How long did you boil your starter? Sounds like you boiled it quite a while to go from 1500 ml to 700ml. I boil mine for 15 mins, cool, and pitch yeast. Also, just cover your flask with a piece of foil. The yeast need some oxygen to reproduce, and there isn't a huge worry of contamination as long as it's covered. I have done this for all of my starters and have not had a problem.

Have you calibrated your hydrometer? Make sure it reads 1.000 in water

When I rack the cooled wort to the fermenter, I leave the cloudy hop/protein residue in the boil kettle. Probably not a big deal, but just something for next time. If your methods were sanitary, then don't worry too much. I make up the difference in fluid loss while formulating the recipes and account for this through the brewing process.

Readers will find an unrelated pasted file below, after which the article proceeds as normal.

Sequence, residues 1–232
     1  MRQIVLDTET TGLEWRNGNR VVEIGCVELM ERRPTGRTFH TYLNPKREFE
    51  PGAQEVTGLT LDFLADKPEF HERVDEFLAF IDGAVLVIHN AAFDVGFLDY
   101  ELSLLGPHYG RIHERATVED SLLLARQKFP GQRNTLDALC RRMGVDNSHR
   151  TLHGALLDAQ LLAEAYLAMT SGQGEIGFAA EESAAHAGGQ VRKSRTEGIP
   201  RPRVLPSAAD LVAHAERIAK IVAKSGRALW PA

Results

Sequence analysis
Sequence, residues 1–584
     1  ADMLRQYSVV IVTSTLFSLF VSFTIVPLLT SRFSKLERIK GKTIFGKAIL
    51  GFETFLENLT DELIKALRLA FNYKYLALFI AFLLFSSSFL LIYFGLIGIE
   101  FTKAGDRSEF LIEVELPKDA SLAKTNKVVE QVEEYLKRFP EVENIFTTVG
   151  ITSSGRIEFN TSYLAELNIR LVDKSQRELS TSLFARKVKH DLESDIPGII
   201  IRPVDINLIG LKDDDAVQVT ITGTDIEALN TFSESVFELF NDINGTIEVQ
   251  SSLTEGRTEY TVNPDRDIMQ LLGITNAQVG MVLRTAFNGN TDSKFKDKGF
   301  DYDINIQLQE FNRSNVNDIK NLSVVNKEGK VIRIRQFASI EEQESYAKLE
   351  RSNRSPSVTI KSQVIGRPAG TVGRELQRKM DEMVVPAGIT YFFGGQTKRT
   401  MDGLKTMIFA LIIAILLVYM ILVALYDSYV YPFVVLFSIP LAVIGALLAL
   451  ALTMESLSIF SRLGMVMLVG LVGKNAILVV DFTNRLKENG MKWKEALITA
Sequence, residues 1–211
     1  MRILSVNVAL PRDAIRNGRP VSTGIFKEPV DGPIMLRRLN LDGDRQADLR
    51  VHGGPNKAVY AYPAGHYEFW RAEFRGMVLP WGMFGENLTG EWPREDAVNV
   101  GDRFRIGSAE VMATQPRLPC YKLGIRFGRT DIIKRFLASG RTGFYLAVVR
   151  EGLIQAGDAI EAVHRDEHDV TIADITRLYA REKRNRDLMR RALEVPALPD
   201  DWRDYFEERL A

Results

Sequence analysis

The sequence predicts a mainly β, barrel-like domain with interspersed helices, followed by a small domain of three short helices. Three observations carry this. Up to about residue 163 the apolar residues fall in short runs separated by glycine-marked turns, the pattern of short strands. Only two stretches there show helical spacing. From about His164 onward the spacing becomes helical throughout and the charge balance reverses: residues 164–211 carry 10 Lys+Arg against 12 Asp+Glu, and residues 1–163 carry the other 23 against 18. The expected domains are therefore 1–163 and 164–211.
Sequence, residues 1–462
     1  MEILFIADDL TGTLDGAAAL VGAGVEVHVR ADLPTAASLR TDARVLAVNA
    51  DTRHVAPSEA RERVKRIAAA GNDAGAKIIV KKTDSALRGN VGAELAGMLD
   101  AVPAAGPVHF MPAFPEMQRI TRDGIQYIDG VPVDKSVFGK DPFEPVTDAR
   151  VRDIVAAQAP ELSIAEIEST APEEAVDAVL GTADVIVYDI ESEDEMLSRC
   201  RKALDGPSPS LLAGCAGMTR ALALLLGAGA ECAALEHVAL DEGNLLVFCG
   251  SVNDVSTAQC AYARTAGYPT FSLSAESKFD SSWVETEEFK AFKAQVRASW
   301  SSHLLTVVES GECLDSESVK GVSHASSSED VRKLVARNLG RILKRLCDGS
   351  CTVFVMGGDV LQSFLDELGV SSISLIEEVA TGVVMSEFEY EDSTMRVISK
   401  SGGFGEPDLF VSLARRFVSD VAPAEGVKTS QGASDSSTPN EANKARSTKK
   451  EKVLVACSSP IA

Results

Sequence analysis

A last note...be careful with letting your boil kettle sit for too long with some cleaners. I have a 10 gal aluminum kettle and accidentally let it sit overnight with an oxygenated cleaner (don't remember brand) in solution. This was my first mistake. When I finally got around to cleaning the kettle, there was a black stain where the cleaner was in contact with the walls of the kettle. Now I use a non-scented, mild dish soap to clean this immediately after using. No problems since.

Sounds like you are well on your way! Cheers!

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Old 04-19-2009, 03:22 AM   #3
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Congratulations on your first brew. I'm sure it'll turn out great.

Your hydrometer reading may be low because of the top off water you added. If it wasn't mixed in very well, then your sample could have been watered down.

Also I notice you said that you "corrected for temperature". I've read somewhere that, even after correction, the readings are not very accurate when the temp gets to far above/below 60 deg F.

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Old 04-19-2009, 03:25 AM   #4